Monday, December 17, 2012

Pillsbury Cake Ball Kit: NOT an Endorsement


 
The first cake ball I ever had the pleasure of consuming was also the first time I learned of its existence. I'm not sure how this happened, I thought cupcakes were still the rage, but now cake balls have taken their place. Or have they? Perhaps cake balls and cupcakes are the Britney Spears and Christina Aguilera of 2000, who shall prevail? Who will go on a manic spree, shave her head only to have a bipolar diagnosis that every clinician saw coming? Suffice it to say, I didn't know what a cake ball was.

So the cake ball...err truffle that I consumed was as a parting gift to a friend's wedding. (I was told it wasn't a cake ball, but a truffle. Not too sure of the difference, maybe the high brow version of a cake ball?) We weren't able to stay for cake, so I was delighted to consume the truffle in its entirety after getting home, into my pajamas watching most likely a rerun of the Housewives of New York City for the umpteenth time. The taste was amazing! So moist,so rich, so yummy! Usually I'm not a big fan of chocolate and when I eat cake the frosting is too sweet for me, but this cake ball was perfect. I think the winning factor of the cake ball is its size. Seriously, cake with frosting and chocolate is very rich, and consuming too much can lead to nausea so a cake ball is the perfect size to get the delicate taste without feeling as if you mirror Augustus Gloop in Willy Wonka's Chocolate factory.

A girlfriend of mine told me how her mother often makes cake balls and I wanted to try. I always love a food challenge (executing the food, not consuming a la Joey Chestnut and his hot dogs). So last year for Bambina's birthday I was planning to make an Elmo shaped cake. I found a cake pan that was in the mold of  Elmo. So I baked the cake, but getting the frosting in all the nook and crannies was... I won't get into the Great Elmo Cake Debacle of 2012, you don't want to know the details. So I took the botched cake and decided to make cake balls. And thus continues the saga of the Great Elmo Cake Debacle of 2012. Due to a series of blunders, chocolate not melting properly, chocolate sweating off the cake, the results were at best a C+. (But much love to my Mama for taking the lead with it when she had never even heard of a cake ball!)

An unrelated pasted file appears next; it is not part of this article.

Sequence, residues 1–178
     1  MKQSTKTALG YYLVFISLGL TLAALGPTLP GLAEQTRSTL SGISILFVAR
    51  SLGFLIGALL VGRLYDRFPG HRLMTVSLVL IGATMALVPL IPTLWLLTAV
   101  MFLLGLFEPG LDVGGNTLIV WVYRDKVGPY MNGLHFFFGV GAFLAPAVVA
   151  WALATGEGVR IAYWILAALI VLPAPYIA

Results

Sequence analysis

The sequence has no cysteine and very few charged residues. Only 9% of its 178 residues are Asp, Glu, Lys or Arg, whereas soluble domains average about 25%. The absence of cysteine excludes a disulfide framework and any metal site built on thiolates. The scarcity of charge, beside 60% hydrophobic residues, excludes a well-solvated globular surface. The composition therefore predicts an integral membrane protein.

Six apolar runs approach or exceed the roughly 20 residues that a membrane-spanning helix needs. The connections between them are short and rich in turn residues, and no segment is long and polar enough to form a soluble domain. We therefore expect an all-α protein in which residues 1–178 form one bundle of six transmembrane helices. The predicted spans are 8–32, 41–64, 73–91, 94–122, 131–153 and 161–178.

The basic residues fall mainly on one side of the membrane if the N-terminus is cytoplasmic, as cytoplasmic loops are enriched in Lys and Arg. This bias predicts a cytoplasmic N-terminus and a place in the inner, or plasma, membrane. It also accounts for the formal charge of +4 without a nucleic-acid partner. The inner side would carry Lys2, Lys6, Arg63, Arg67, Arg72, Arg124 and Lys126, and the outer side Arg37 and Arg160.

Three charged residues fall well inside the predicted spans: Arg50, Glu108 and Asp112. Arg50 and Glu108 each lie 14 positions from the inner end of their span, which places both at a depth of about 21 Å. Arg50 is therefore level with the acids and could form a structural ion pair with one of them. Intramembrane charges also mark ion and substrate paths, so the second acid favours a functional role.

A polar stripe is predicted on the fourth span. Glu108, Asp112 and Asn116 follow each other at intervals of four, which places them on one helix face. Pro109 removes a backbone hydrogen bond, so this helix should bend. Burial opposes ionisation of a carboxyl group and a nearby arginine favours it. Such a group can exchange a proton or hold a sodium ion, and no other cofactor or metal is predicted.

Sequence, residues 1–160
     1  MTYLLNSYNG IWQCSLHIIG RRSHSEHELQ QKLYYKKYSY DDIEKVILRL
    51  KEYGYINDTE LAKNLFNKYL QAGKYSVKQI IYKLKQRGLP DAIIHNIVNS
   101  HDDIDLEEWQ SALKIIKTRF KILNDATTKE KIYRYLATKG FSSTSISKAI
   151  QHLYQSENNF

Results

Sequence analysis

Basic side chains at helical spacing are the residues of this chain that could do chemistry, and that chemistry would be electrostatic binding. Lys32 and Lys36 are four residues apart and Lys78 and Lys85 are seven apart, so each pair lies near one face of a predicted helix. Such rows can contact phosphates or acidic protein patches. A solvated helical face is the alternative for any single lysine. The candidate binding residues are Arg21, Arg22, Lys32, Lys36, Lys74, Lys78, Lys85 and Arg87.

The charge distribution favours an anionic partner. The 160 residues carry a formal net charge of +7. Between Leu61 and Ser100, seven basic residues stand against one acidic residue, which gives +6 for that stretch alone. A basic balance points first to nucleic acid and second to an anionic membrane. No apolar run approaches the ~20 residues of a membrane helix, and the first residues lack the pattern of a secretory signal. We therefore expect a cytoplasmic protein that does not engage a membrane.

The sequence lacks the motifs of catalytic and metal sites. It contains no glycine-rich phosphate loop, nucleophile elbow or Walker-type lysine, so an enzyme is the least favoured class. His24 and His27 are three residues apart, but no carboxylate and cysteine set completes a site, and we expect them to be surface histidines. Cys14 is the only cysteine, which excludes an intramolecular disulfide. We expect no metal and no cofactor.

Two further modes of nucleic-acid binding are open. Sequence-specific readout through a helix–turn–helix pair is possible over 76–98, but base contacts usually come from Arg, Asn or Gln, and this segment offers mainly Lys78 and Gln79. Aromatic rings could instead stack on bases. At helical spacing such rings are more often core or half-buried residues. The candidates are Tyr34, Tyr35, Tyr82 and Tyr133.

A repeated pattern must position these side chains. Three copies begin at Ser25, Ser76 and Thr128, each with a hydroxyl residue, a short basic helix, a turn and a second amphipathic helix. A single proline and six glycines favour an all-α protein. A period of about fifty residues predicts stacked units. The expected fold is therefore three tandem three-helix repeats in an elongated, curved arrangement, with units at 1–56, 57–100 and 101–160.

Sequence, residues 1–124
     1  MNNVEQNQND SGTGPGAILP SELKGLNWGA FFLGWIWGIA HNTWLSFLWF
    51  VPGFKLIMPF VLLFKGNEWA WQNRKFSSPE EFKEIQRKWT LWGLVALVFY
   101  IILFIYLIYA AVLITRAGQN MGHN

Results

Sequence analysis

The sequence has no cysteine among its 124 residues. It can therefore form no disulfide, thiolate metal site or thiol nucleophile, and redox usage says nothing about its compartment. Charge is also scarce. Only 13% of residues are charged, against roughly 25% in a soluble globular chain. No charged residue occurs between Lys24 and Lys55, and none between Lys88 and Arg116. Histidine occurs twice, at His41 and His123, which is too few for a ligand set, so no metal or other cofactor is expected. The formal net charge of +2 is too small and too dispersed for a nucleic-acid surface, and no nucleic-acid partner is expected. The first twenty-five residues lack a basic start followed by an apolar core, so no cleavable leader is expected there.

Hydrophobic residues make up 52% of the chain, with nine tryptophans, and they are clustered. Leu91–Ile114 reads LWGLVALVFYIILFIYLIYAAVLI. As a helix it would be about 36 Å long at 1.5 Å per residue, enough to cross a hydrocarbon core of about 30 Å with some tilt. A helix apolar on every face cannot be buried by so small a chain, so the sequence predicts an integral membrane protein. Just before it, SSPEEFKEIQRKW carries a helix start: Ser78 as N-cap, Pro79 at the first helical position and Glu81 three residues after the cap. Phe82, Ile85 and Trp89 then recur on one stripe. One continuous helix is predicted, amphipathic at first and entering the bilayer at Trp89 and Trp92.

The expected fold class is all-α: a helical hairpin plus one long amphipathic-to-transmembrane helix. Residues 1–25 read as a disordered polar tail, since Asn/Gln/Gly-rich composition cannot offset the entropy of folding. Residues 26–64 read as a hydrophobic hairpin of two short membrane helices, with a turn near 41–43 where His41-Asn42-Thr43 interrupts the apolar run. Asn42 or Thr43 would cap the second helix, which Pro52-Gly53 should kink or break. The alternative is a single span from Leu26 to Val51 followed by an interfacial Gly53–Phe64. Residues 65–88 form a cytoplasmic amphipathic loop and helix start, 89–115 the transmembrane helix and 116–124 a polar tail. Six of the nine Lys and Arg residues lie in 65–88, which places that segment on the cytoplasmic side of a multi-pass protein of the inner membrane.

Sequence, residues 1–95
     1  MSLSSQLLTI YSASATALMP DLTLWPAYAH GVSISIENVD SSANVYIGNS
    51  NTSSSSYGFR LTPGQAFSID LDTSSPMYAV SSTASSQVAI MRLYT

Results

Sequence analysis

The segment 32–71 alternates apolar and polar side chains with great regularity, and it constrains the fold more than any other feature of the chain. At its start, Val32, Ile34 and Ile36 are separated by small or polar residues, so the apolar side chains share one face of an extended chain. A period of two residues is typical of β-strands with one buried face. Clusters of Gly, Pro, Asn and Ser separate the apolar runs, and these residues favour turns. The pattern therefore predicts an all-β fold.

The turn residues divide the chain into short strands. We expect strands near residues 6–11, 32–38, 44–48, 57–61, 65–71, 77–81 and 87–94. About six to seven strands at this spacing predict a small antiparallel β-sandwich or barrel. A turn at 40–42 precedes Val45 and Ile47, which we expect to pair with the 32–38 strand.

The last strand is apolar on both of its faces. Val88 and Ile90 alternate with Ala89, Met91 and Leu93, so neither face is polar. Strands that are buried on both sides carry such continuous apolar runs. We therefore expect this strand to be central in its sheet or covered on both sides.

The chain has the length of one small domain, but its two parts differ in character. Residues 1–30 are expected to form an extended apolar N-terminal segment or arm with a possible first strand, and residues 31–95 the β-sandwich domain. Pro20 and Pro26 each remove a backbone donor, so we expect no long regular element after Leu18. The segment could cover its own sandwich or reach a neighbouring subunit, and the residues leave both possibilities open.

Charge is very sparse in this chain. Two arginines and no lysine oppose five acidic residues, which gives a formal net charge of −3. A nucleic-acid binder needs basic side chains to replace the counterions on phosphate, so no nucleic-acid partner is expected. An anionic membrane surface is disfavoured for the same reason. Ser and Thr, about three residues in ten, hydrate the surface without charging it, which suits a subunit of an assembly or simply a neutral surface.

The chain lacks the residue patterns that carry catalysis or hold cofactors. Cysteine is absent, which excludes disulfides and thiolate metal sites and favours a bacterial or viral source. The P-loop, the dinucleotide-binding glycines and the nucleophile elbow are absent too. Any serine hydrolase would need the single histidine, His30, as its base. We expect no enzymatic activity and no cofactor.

And so I thought cake balls and I were done, but as I was walking through H-E-B a month ago I came across a Pillsbury Cake Ball Kit. Yay, I thought, now if I need to make cake balls, I'll just get this kit and make them. So with our play group Holiday Party coming up I decided to purchase the kit.(I had prepared the group that if the cake balls didn't work I would bring cupcakes, but I didn't want to show up with my tail between my legs and cupcakes in tow. ) I read the instructions thoroughly. And when I mean thoroughly I mean I read the box three times from the top to bottom before starting the project.




Rather than using expletives, as I would love to do, actually, I would like to use an entire paragraph of expletives to describe these cake ball kits.  The cake ball kit was an epic fail. And when I don't succeed in something I get really frustrated and I greatly projected on Pillsbury! (Rightfully so!) After an evening of complete interruption while making these balls and much exasperation on my behalf,  Hubby exercised his logic and explained that the only problem with the kits was that there wasn't enough of anything. And thus the problem with these kits!

Exhibit A: Not enough frosting. You have to mix the crumbled cake with frosting to form a ball. There was not enough frosting and it was difficult to form a ball. Because there wasn't enough moisture, it made it difficult for the sticks to stick. I ended up dunking the balls in milk to get them to stay tightly compressed.

Exhibit B: Not enough chocolate wafers. The first batch of chocolate Hubby overheated by accident. The box specifically says not to overheat. But with the second box I still did not have enough chocolate, so I then melted chocolate chips and used them. I had flashbacks of the Great Elmo Cake Debacle of 2012 and didn't know if it would work. They did, but not as well as the wafers.

Exhibit C: Not enough sprinkles. Granted, the first couple I went a little sprinkle crazy, but thankfully I had sprinkles in my pantry to use.

Exhibit D: It states to use a foam block to keep the sticks in. Well where do you get that? Thankfully I went to Hobby Lobby, unthankfully I bought the cheap disposable box as opposed to the foam block that was $10 each ( I needed 2!).

So in the end I learned that cake balls are too much work and I'd rather take the cupcake side of the great cake ball vs cupcake debate. (And where do truffles fit into that?) Seriously though, these kits are horrible because they don't contain enough of what you need, but I did learn how to properly make cake balls and above all, don't use chocolate chips, use wafers. (And you can get them in all colors at Hobby Lobby!)

I was a little worried on how they would look and taste, but the kids loved them. I was worried I was going to take a ton of leftovers home, but they weren't too many left! (Bambina's ended up on the floor when attempting bite number three. Apparently her stick wasn't properly secure in the ball. Oops.)

 I transported them to the party like this...


The display, and I use the word display very loosely.

After the party...


In the end, the kit did teach me how to make a cake ball, but I could have found instructions on the internet and bought my own supplies. Thanks to my resourcefulness the balls came out halfway decent, no thanks to Pillsbury.

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